Balloon Enteroscopy at Drexel Gastroenterology
Drexel Gastroenterology performs balloon enteroscopy on patients who may have abnormalities in their small bowel. Balloon enteroscopy is used mainly to investigate gastrointestinal bleeding and inflammatory bowel disease (IBD).
If prior examinations of the small intestine using capsule endoscopy or radiographic studies report an abnormal result, balloon endoscopy can be the next step to further investigate causes of a patient's symptoms. Other uses of balloon endoscopy are tissue biopsies, stricture dilation, polyp removal, and to stop bleeding from the small intestine.
What to Expect During Balloon Enteroscopy
During balloon enteroscopy, a scope is inserted into the patient's mouth and fed through the stomach into the small bowel so that the doctor can get a first-hand look at any areas of concern. Alternately, the scope can be fed through the rectum to allow for study of the end of the small bowel. In both cases the patient is sedated. Because patients' judgment can be impaired after this procedure, they will not be released to public transportation, a taxicab driver, or even to walk home without another responsible adult to accompany them.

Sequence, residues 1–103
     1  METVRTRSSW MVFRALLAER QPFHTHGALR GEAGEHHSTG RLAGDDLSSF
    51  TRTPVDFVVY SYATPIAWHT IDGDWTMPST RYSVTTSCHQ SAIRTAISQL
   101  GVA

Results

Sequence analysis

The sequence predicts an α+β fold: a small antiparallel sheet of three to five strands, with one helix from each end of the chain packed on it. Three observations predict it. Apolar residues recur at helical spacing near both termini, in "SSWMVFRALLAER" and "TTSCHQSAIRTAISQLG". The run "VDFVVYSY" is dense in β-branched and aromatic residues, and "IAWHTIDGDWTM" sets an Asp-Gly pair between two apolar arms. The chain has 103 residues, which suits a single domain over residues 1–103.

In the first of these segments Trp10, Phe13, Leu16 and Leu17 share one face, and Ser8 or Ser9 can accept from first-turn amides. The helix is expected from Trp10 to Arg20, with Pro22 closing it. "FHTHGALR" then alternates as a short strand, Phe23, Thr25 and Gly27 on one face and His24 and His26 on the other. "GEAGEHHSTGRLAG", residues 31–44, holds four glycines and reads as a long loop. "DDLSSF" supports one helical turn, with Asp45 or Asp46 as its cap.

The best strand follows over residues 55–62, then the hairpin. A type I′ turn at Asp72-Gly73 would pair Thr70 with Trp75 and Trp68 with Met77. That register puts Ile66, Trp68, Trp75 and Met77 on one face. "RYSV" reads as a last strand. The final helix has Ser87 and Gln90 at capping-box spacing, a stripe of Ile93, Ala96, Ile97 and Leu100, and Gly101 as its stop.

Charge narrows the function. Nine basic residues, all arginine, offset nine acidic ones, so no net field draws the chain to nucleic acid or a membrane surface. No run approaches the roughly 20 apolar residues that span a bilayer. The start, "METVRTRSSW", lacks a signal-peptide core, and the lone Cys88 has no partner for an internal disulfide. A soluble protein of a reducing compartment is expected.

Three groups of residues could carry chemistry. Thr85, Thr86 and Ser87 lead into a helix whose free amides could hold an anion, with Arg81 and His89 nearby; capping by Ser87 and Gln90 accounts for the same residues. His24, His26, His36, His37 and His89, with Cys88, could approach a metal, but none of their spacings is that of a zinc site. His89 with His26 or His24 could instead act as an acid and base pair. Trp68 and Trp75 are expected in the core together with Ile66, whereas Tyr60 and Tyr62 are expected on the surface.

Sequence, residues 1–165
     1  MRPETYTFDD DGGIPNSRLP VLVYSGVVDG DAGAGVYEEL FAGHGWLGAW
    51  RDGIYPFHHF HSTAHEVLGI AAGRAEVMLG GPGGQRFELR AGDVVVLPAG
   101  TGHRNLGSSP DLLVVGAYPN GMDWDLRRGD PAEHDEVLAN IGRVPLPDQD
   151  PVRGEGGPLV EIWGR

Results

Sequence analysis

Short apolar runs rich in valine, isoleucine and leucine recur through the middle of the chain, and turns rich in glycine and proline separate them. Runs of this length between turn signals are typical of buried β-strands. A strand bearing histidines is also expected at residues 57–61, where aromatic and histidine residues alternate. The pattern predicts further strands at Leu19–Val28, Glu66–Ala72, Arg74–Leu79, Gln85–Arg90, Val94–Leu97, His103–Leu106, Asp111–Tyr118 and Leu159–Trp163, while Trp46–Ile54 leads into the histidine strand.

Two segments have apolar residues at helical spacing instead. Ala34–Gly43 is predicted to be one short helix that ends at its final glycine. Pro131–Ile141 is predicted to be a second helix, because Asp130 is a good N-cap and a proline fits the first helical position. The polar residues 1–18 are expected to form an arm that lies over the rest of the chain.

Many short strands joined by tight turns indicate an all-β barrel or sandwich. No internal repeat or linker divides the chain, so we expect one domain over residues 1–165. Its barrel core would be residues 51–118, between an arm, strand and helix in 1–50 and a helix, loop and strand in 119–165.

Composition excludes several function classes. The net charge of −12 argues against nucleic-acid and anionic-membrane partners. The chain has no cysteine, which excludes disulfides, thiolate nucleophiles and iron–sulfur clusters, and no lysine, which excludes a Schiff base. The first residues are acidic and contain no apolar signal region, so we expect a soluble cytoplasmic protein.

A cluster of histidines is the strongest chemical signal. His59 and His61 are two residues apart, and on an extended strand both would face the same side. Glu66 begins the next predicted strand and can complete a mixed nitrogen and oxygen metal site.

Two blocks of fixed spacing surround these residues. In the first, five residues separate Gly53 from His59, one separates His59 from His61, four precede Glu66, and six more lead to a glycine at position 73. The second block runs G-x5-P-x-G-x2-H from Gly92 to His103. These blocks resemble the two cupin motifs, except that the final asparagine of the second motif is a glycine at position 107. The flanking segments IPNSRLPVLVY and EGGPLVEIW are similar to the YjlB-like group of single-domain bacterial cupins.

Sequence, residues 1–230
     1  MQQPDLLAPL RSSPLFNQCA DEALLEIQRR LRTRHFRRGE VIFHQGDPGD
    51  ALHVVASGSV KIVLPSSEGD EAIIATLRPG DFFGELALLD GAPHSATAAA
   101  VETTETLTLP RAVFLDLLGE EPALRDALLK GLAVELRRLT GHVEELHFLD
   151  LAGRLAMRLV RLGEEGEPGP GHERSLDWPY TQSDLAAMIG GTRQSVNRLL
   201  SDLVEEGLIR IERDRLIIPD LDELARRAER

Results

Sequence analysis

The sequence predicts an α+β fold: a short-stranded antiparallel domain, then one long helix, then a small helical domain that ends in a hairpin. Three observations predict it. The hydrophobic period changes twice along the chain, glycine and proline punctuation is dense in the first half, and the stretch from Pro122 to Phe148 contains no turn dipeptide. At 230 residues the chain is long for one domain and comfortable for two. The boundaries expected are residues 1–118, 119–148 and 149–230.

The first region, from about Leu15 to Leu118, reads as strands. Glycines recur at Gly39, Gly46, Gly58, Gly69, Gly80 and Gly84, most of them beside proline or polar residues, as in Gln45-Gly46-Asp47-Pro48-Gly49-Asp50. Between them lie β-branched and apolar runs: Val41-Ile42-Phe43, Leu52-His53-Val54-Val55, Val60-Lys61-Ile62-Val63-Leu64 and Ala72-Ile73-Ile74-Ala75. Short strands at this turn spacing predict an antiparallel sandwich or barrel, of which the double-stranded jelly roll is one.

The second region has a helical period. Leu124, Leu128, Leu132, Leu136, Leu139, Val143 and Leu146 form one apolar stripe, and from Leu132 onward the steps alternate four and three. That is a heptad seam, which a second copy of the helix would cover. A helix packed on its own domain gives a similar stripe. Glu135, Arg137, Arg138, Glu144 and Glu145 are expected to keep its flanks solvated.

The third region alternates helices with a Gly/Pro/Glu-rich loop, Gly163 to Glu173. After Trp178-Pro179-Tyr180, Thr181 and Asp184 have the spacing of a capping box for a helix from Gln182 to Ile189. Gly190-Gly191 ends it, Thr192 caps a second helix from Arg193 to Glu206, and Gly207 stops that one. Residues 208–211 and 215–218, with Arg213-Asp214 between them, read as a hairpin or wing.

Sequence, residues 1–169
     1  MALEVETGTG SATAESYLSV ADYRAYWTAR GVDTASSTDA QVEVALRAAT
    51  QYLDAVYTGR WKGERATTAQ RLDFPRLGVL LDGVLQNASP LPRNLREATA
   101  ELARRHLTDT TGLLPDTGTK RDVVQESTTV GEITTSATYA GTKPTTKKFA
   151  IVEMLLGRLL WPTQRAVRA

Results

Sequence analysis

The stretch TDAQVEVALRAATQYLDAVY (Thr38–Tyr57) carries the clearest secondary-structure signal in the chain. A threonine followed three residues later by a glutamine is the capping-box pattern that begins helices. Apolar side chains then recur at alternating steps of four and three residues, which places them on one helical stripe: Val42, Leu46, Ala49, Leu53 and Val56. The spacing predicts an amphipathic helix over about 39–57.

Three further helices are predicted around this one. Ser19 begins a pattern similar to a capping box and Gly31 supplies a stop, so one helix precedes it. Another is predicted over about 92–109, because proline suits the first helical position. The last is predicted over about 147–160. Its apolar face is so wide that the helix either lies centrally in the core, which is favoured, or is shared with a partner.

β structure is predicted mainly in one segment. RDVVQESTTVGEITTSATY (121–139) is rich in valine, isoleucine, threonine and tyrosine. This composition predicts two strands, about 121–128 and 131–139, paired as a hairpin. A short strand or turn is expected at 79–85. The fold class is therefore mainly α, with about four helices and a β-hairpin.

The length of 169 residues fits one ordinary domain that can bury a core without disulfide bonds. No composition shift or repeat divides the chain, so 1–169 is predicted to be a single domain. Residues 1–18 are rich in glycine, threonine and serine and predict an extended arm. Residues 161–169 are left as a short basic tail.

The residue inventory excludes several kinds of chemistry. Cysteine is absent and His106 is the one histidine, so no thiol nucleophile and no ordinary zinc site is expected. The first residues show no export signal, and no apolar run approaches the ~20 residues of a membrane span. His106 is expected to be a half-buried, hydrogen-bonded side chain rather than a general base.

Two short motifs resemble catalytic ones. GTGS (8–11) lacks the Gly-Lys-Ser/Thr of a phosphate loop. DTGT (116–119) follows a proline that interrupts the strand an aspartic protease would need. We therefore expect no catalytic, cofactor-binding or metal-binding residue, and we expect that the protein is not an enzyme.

The risks associated with balloon enteroscopy are similar to those for colonoscopy and upper endoscopy (EGD) and include bleeding, perforation, and complications of sedation. There also is a less than one percent risk of bowel obstruction and/or inflammation of the pancreas with the balloon enteroscopy procedure.
The information on these pages is provided for general information only and should not be used for diagnosis or treatment, or as a substitute for consultation with a physician or health care professional. If you have specific questions or concerns about your health, you should consult your health care professional.
The images being used are for illustrative purposes only; any person depicted is a model.
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